Linchpin Reaction, What is your worth?
Seth Godin’s book Linchpin introduces a different way of looking at the workplace. A linchpin is an unassuming piece of hardware, it’s not glamorous but it is an essential piece of a machine. Godin suggests successful workers, or more specifically artists are in a way linchpins. They are people that hold their organizations together, without them everything falls apart, the linchpin is an essential individual who is worth holding onto and by contrast all of their peers are expendable, dead weight that can be removed or replaced on a whim. Throughout the book Godin gives us hints as to how we can attain this status of linchpin, and he forces us to question ourselves; Are you indespensable? What is your worth?
For me some of the most interesting points in the book are how he describes our society, how he sets the stage for his theory to work. One of the points that stuck out to me the most is his take on school. Schools teach students just enough to behave; meldable minds go in and processed drones, workers without individuality come out. Students are taught “listen,” “behave,” “don’t question authority.” These statements were alarming for me to hear, but at the same time felt unquestionably true. This pessimistic view on our school system, seemed like something everyone knows but no one really says out loud. Godin continues with what he believes should be taught in school instead: leadership and problem solving. Leadership is a skill, not just a gift given only to charismatic individuals, it can be taught as easily as compliance.
So how do we break out and become linchpins? Surely dedication and hard work at honing a skill will make us invaluable in our fields? Nope. To become an essential asset based purely on skill, you would have to be the absolute best at the skill, more than the best you would have to be in “a league of your own.” Godin uses a famous cricket player to explain how skilled workers are skilled workers, there will always be others and there will always be someone better than you. How much of a bummer is that? While reading a book meant to motivate and inspire, I come to the realization that no matter how hard I work at drawing, and animating, I will never be the best. Godin goes on to say that even a depth of knowledge isn’t enough anymore. What good is an expertise in Flash, when my boss can simply “Google” the answer to any question he has?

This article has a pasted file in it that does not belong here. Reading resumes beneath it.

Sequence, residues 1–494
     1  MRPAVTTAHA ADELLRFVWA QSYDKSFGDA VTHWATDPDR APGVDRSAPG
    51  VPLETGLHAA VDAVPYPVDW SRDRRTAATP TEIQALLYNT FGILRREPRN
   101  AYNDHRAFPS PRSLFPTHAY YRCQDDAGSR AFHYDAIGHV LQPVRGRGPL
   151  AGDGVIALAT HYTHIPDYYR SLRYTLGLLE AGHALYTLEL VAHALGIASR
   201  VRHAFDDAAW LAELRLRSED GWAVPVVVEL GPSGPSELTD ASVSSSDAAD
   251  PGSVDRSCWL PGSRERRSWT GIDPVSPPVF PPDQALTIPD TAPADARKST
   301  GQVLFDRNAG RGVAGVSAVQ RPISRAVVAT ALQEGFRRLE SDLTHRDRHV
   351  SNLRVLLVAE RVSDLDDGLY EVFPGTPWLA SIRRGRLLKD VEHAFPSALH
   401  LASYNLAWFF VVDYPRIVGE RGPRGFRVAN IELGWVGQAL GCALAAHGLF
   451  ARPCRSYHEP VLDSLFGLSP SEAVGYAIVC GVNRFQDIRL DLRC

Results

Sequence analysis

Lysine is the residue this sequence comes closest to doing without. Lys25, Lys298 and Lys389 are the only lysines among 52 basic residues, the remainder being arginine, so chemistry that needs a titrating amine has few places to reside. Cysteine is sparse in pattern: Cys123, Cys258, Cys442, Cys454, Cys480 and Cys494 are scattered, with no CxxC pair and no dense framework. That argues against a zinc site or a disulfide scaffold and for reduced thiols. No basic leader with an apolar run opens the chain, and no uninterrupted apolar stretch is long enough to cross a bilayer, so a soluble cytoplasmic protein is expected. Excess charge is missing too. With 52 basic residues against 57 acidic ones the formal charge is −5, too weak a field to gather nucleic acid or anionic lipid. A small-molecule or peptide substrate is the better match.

Godin doesn’t seek to give us all the answers, there is no clear “Hey this is how to be successful” task you can complete. My take away from the book was clearly not as optimistic as my classmates, but Godin’s words did force me to face that question: What is my worth? Is it how well I can draw? Is it how well I can work in a group? Maybe it’s my skill in relation to my peers’ skill in a particular area? After reading Linchpin, and listening to the critiques and advice of my teachers and friends over the past couple years I think I know the answer. My worth lies in my potential. Maybe some day I’ll solve problems people haven’t predicted, or hone my leadership skills enough to launch the next big successful cartoon, but right now I need to keep my eyes on the prize. Keep working, keep drawing. Godin may be right about me never being the best, but I’m sure as hell going to get close.